The Other Side of Dawn (The Tomorrow Series #7)
Format: PDF / Kindle (mobi) / ePub
Since their town was invaded by enemy soldiers and transformed into a war zone, Ellie and her four surviving friends have been fighting for their lives. One year later, a resolution may finally be in sight. But as enemy forces close in on her hideout, Ellie discovers that the final battle may be the most dangerous yet. And not every soldier is fated to see the end of every conflict.
There are no more hiding places left in this exhilarating conclusion to Ellie's struggle for freedom, dignity, and, above all else, a sense of peace.
times. Pineapples meant: ‘D-day postponed twelve hours. Give us a call some time if you’re not doing anything, and we might be able to go out, catch a movie, whatever.’ Well, maybe I didn’t get that last bit quite right. Anyway, like it or not, we’d got ourselves a twelve-hour reprieve. And it was the last thing I wanted! My nerves were screaming for action. In some ways the best message would have been Wallaby, which meant D-Day postponed indefinitely: ‘Abandon all plans’. But that wouldn’t have
then, as suddenly as I’d lost them. I turned and ran. It was a blind, mad race. There was no time to zigzag or do anything tricky. All I could do was put my head down and sprint. The scrub was thick and getting thicker. Branches lashed my face a dozen times in the first hundred metres. Each one stung more than the others. I hardly noticed. I was in a crosscountry race for life. I wasn’t making any ground on these guys, but I didn’t think they were gaining either. I wished for help but there was
work parade starts now.’ ‘Work parade?’ But she was already trotting away, between the lines of tents. I followed her to the place where we’d had the rollcall before breakfast. After the little panic to get there we had an anticlimax, waiting for another three-quarters of an hour while orders were yelled and cancelled, lists were checked, long lines of men were marched away from their section to different locations, and we got colder and hungrier. Issa stood beside me, huddled into a holey old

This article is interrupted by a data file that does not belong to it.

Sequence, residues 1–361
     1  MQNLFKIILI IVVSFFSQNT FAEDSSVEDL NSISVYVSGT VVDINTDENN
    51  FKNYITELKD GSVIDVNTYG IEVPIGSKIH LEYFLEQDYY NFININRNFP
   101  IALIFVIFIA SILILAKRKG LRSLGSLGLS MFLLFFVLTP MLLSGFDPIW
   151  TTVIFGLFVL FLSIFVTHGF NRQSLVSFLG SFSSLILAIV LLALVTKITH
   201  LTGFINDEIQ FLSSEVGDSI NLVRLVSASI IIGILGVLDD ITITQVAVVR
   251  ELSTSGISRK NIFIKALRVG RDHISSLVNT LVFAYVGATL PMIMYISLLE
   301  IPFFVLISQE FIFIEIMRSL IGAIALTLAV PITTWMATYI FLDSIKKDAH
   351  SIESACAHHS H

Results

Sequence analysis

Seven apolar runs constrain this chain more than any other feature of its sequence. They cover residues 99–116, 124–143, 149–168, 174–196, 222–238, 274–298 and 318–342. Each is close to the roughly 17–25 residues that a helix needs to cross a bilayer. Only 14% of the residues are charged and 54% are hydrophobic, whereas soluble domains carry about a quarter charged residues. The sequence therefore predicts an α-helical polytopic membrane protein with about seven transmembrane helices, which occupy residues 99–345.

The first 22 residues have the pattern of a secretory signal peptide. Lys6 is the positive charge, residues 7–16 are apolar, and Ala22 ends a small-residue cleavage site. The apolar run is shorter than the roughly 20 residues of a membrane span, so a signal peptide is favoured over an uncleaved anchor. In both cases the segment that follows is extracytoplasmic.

was it, there was no because. They just did it. I saw terrible things. On my second day at the quarry, shovelling mud, a girl near me got mud pushed down her throat by a guard who decided he didn’t like her attitude. He made her swallow, I don’t know, about a litre of the stuff, until she lay on the ground spewing and choking. He walked away laughing. I took my lead from the others, like the day before, and didn’t try to interfere. I asked Issa that night: ‘Why doesn’t anyone do anything?’
that he had survived. There was a noise from outside. I jumped up nervously. With the briefest of knocks, a couple of people hurried in. I recognised one of them as Don Murray, a farmer from Wirrawee, but I didn’t know the woman. She was short and dark-skinned, and she gave me a great warm smile. ‘It is you,’ Don said. ‘Fantastic! This is just wonderful. The first good thing that’s happened in this whole damn war.’ ‘What’s happening outside?’ I asked nervously. ‘It’s under control,’ he said. ‘We